Statistical methods / analysis

Recruitment
Recruitment status
Recruiting
Date of first participant enrolment
Anticipated
Actual
Date of last participant enrolment
Anticipated
Actual
Date of last data collection
Anticipated
Actual
Sample size
Target
Accrual to date
Final
Recruitment in Australia
Recruitment state(s)
Recruitment postcode(s) [1] 864 0
2000

Funding & Sponsors
Funding source category [1] 3421 0
Self funded/Unfunded
Name [1] 3421 0
Address [1] 3421 0
Country [1] 3421 0
Primary sponsor type
University
Name
Faculty of Medicine, The University of Sydney
Address
The George Institute for International Health
Musculoskeletal Division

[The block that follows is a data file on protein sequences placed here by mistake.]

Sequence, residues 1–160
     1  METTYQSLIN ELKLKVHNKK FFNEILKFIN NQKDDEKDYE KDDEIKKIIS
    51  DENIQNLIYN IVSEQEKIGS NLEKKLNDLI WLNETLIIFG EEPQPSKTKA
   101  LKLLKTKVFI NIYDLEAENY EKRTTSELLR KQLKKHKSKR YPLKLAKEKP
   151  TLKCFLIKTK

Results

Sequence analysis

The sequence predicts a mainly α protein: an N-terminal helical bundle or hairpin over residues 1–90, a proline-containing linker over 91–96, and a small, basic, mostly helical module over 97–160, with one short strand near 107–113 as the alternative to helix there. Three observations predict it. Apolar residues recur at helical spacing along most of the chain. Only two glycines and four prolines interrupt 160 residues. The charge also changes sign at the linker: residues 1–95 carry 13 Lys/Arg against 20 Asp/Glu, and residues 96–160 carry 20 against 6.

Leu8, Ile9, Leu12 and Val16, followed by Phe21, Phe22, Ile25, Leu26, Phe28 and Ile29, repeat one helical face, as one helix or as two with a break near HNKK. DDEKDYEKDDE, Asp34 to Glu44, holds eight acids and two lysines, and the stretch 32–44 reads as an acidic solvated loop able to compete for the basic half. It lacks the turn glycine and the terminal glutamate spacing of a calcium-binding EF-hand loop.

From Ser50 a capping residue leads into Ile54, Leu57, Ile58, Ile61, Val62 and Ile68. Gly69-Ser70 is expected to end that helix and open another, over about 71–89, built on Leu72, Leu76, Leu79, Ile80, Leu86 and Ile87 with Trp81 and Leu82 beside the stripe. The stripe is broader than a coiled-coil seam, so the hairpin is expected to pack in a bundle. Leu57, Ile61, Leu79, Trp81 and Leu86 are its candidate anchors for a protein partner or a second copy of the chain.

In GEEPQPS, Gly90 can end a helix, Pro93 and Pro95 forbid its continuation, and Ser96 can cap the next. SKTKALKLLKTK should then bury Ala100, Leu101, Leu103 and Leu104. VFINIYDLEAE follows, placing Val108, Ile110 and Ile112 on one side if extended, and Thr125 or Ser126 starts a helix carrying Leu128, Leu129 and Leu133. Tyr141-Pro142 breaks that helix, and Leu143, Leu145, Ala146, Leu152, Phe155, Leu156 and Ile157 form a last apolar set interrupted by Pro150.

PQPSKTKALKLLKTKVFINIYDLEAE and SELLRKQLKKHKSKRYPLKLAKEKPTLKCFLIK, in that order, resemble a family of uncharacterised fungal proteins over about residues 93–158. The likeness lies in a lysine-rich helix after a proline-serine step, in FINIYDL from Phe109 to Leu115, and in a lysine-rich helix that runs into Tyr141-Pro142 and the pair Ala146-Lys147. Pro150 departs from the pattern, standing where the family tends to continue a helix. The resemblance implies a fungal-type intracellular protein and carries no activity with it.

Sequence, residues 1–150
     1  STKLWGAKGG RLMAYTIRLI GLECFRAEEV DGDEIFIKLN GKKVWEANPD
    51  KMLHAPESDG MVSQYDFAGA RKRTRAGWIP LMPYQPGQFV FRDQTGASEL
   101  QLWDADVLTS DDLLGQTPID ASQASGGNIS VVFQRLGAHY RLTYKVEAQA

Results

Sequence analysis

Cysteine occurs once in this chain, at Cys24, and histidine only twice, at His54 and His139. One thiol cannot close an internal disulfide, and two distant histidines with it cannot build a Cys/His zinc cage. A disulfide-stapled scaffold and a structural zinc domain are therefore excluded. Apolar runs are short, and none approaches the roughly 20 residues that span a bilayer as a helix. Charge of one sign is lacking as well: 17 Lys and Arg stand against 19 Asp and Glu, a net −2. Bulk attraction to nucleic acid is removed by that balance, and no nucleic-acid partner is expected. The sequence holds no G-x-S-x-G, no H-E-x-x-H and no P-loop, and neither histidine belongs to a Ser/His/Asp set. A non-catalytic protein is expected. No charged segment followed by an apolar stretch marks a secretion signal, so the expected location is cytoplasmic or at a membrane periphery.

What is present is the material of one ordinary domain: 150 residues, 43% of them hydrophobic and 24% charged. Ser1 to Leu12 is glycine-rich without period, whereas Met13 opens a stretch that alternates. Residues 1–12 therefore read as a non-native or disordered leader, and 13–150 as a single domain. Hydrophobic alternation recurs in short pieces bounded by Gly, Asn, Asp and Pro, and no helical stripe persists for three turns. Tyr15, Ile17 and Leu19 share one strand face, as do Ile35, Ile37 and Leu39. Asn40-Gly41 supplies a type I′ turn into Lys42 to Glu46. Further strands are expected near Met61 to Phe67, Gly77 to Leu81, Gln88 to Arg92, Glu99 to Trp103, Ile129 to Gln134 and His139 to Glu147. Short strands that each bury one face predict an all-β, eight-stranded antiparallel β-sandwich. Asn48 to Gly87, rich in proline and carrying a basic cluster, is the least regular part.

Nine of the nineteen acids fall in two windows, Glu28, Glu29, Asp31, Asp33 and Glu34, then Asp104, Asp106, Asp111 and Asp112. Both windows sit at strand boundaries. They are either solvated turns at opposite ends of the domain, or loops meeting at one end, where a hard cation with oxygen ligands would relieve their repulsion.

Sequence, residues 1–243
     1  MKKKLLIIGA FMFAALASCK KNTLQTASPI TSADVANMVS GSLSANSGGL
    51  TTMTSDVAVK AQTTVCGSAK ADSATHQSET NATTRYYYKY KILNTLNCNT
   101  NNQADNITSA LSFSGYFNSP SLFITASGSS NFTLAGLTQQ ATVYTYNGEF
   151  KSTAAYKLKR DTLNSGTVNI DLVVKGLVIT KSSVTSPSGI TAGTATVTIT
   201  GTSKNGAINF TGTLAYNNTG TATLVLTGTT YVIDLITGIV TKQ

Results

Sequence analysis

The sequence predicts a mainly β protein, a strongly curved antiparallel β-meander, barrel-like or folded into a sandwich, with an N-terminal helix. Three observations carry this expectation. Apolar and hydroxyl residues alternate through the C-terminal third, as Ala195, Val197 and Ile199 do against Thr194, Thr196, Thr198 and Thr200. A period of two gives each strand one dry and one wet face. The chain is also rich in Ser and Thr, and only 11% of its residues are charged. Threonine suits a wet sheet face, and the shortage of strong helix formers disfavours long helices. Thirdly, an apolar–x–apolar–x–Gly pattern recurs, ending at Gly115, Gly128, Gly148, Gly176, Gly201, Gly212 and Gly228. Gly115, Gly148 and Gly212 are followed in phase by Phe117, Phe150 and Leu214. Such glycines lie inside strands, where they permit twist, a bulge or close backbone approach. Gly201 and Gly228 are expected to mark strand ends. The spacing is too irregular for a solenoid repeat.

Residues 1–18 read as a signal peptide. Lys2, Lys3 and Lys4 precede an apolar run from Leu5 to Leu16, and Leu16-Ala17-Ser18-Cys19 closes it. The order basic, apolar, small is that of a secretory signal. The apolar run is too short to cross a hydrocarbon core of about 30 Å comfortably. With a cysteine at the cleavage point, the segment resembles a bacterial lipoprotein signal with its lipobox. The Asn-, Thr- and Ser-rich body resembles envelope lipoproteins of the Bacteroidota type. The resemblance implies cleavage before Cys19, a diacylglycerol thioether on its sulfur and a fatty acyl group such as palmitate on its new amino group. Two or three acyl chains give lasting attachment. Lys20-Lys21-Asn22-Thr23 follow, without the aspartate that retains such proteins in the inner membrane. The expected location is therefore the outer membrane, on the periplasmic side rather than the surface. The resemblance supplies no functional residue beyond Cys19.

Level 7, 341 George St.
Sydney, NSW
2000
Country
Australia
Secondary sponsor category [1] 3064 0
None
Name [1] 3064 0
Address [1] 3064 0
Country [1] 3064 0

Ethics approval
Ethics application status
Approved
Ethics committee name [1] 5444 0
The University of Sydney Human Research Ethics Committee
Ethics committee address [1] 5444 0
Research Office
Level 3, Old Teacher?s College
Camperdown Campus, Paramatta Road
Sydney, NSW 2006
Ethics committee country [1] 5444 0
Australia
Date submitted for ethics approval [1] 5444 0
Approval date [1] 5444 0
20/11/2007
Ethics approval number [1] 5444 0
10452

Summary
Brief summary